The U.S. Coast Guard says they have found a debris field that is 225-square nautical miles in size. The debris is feared to be from the missing El Faro cargo ship. The ship went missing in the Bermuda Triangle near the Crooked Island in the Bahamas on Friday along with 33 crew members. The crew was made up of 28 Americans and five Poles. Rescue crews say they have searched a total of 70,000 square nautical miles and there is so far no sign of any of the missing crew members.
According to the Daily Mail, the cargo ship called the El Faro went missing on Friday in the Bermuda Triangle after the ship’s captain sailed into the path of Hurricane Joaquin. The ship, which was a car carrier, sent a distress signal to the U.S. Coast Guard that said that the vessel had lost power and was being overtaken by the storm. The distress signal noted that the ship was taking on water and was located just outside of the Crooked Island in the Bahamas.
The U.S. Coast Guard immediately sent two rescue helicopters to search for the missing vessel but came up empty handed. As Hurricane Joaquin passed and the seas cleared, the emergency rescue crews say they have found three empty life preservers and multiple empty life vests in a debris field that is 225-square nautical miles long.
Nearly 48 hours after the distress call from the boat, the debris was found. In addition to the life vests and preservers, loose deck materials, cargo, and styrofoam have also been identified from the wreckage. First Coast News reported the finding the empty life vests and flotations rings.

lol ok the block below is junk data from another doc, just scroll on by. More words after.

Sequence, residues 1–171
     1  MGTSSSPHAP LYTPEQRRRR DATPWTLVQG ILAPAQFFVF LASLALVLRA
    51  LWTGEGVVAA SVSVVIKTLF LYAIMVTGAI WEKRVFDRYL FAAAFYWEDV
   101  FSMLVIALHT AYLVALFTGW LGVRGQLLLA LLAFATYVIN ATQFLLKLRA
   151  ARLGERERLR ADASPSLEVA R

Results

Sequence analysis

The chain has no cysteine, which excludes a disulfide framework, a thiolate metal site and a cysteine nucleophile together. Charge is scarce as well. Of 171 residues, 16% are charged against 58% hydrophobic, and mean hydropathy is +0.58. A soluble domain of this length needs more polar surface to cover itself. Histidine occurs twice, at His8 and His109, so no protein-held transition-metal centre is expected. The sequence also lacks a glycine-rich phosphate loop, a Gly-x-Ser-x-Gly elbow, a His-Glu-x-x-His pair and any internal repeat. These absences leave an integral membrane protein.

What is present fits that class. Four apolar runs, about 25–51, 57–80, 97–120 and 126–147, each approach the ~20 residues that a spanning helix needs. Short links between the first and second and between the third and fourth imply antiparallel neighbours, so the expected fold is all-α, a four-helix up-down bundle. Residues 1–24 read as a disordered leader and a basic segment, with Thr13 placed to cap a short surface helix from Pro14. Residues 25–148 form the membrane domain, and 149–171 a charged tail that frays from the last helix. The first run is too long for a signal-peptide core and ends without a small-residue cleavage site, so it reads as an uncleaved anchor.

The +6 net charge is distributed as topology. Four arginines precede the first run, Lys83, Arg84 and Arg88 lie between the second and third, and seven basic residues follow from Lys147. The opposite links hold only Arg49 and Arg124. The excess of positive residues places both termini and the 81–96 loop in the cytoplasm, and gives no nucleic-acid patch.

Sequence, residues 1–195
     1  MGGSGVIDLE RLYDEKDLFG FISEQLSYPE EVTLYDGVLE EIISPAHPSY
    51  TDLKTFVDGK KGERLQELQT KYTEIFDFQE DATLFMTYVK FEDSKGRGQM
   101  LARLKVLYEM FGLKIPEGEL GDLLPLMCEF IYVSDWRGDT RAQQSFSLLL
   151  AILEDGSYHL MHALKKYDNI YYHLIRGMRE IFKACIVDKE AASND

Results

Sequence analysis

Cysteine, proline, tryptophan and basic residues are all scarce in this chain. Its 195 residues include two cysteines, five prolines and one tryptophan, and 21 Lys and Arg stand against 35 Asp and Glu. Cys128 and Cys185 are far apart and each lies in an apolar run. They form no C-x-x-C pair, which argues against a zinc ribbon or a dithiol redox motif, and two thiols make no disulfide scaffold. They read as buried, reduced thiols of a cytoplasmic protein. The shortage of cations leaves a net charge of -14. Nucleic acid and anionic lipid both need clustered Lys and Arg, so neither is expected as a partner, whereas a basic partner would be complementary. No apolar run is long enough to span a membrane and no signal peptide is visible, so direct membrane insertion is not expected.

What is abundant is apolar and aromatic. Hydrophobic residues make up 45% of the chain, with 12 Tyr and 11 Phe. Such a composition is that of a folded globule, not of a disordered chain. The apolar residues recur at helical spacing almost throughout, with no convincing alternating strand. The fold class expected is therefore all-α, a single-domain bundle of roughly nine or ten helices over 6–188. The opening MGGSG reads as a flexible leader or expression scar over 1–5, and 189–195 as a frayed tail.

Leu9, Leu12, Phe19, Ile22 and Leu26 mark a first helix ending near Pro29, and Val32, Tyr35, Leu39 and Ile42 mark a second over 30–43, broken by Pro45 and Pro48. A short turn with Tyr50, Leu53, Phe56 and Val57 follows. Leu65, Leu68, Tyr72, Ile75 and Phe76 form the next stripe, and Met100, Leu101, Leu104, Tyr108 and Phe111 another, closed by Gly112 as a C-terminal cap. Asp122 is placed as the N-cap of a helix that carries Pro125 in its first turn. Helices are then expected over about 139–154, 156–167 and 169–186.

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Though the discovery may seem to indicate that there are no survivors, the U.S. Coast Guard says the findings are actually a positive thing. In fact, they note that finding some of the wreckage and life vests indicates that they are searching the right area and that survivors may still be found despite the 48 hour disappearance.
“It validates our search efforts and while we are disappointed we did not find the ship today we are hopeful. Tomorrow, we will have three C-130s flying and the Navy will be assisting again with a P-8 aircraft.”
The uncle of one of the ship’s crew members says that he is still hopeful that his nephew will be found safe at sea. He notes that the crew on the ship are trained to survive at sea during a disaster such as this which means that there is still a chance that they could be alive and are waiting to be found by the U.S. Coast Guard.
“These men are trained to survive hopefully they did what was needed to survive. We just want you to please pray for these men.”
Meanwhile the crisis management firm working for Tote, the company who owns the El Faro cargo ship, says that “all hands are on deck” in the search and rescue efforts. The rescue crews are hopeful that the crew members can be found and that their experience is keeping them alive at sea.
Though the company says they are doing their best to locate the missing crew members, family members of the crew are asking why the highly-experienced captain took the ship through the path of Hurricane Joaquin instead of waiting until it was safe to pass. Currently the company has no response to the inquiries other than the captain was a capable man with 20-years of experience.
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